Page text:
The Origins Of Vertebrates Part 3: Baby Got Back
If you’re looking at the featured image for this blog you might be turning your nose up, and I wouldn’t blame you, but before you leave in disgust I’d like to introduce you to the acorn worm, a strange little creature that’s anatomically very similar to the ancestor of all vertebrates. They possess ‘primitive’ versions of distinctive vertebrate characteristics (such as branchial slits for feeding rather than breathing like the gills we know today), a threefold division of the body (proboscis, collar, trunk, what will in vertebrates be head, trunk, tail) and most importantly, a stiff but flexible hollow tube. It might not be a nerve cord but it did provide the structure and movement we take for granted. Ladies and gentlemen, baby got back.
Now, this creature isn’t a chordate, it’s a hemichordate (not quite a vertebrate), but there are a few key elements to the chordate body plan that will let you know what you’re dealing with.
1. A dorsal nerve cord: nerves running down the back from the brain.
2. A notochord: a support for the nerve cord made from cartilage.
3. A post-anal tail: I’m certain I don’t need to explain this.
4. Pharyngeal slits: connecting the inside of the throat to the outside of the neck, not necessarily gills, but more often than not.
If it has all four of these, it’s probably a vertebrate, and if it doesn’t but you know that it’s a vertebrate, take a look at its fetal form, a stage where humans have rudimentary gills and a tail, so in a way our body plan is clearer before we are born than after it, although you’d have a hard time arguing that any tetrapod is an insect.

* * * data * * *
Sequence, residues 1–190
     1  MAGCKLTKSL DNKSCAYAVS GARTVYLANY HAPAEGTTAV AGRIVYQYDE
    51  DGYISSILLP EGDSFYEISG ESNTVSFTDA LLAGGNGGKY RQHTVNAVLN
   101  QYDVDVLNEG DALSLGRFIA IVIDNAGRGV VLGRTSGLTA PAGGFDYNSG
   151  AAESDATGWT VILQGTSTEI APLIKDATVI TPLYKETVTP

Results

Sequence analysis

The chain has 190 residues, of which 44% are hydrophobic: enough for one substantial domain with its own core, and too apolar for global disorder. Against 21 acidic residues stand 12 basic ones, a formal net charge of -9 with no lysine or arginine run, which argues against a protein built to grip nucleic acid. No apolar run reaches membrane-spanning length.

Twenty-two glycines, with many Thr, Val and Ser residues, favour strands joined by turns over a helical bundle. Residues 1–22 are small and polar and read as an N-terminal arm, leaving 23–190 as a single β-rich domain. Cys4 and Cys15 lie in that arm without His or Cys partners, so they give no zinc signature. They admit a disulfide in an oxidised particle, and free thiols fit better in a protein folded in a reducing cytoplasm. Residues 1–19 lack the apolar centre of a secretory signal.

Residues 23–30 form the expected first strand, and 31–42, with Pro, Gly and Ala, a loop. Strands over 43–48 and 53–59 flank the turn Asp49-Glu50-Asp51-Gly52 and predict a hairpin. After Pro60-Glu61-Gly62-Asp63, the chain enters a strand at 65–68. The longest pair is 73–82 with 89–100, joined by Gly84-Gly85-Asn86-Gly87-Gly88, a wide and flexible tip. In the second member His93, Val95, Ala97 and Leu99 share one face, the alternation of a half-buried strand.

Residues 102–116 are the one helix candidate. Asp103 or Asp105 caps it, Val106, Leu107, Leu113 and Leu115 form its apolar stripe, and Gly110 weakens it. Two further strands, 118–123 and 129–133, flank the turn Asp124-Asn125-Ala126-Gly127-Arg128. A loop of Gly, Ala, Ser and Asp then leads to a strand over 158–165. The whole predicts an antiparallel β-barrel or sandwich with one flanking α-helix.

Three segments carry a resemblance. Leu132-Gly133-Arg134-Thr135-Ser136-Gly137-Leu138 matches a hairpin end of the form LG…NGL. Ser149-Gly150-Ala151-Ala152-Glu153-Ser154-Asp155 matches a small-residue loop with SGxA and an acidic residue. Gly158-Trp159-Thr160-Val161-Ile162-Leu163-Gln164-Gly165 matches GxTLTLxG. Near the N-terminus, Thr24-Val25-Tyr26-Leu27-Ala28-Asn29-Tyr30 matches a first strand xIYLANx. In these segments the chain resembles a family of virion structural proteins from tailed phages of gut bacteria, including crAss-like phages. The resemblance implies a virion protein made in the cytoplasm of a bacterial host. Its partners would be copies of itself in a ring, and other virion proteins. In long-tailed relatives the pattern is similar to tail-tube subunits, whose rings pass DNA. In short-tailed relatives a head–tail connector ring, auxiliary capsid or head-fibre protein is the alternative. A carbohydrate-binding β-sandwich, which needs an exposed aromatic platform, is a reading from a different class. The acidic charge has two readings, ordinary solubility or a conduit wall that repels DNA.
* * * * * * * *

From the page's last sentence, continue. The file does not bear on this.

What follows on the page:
One of the early split offs from this initial group of proto-vertebrates was the ancestor of the sea squirts, which by their adult stage have become basically sedentary, this animal isn’t incredibly important in terms of our history, but I find the fact that a mobile larvae attaches to a rock and then proceeds to dissolve its own brain until its just a pulsating remnant pretty interesting if not morbid.
As our ancestors developed there was more divergence that has extant descendants. The lancets with a divided notochord for directional movement for example, these worm-like creaturees bury themselves in sediment and lack true vertebrae and well-developed sense organs. An artifact of the development of heads is the hagfish, a slimy, jawless member of Craniata that has scales, paired and dorsal fins, gills and a cartilage skeleton. The development of the head was important for protecting the brain, and although the hagfish doesn’t have a complete skull, there is protection there, as there also is in the jawless lampreys, that possess our next devleopment, the rudimentary vertebrae that tell us we’re getting closer to the true backbone we know and love.
The vertebrae is actually a relatively complex structure, so it’s no mystery as to why it took so long to develop into the powerful, connecting repeating spinal unit we see in most of the animals we generally think of as vertebrates, but even they had come a long way before the jaw developed the gill arches we see in lampreys. It’s thought that these bony gill inbetweeners fused to the skull, with the bop and bottom becoming different halves of the jaw. There’s actually pretty good evidence for this in the gene sequences of sharks, which are a fine demonstration of how jaws can help turn the grazers of the sea into active, brooding hunters.
We know from placoderms (huge, armored fish) that color vision had developed by around this time, its external skeleton (the internal skeleton could not be preserved) having a distinctive color, but another thing that’s interesting about placoderms is their sharp tusks, a development which paved the way for the development of teeth, and that’s where we’ll start next week, with the sharks and the rays, leading up to a true bony skeleton and the emergence of amphibians as the chordates conquered the land.
[image credits: animals.uwa.edu.au, paleobiology.si.edu, elwood5566.net]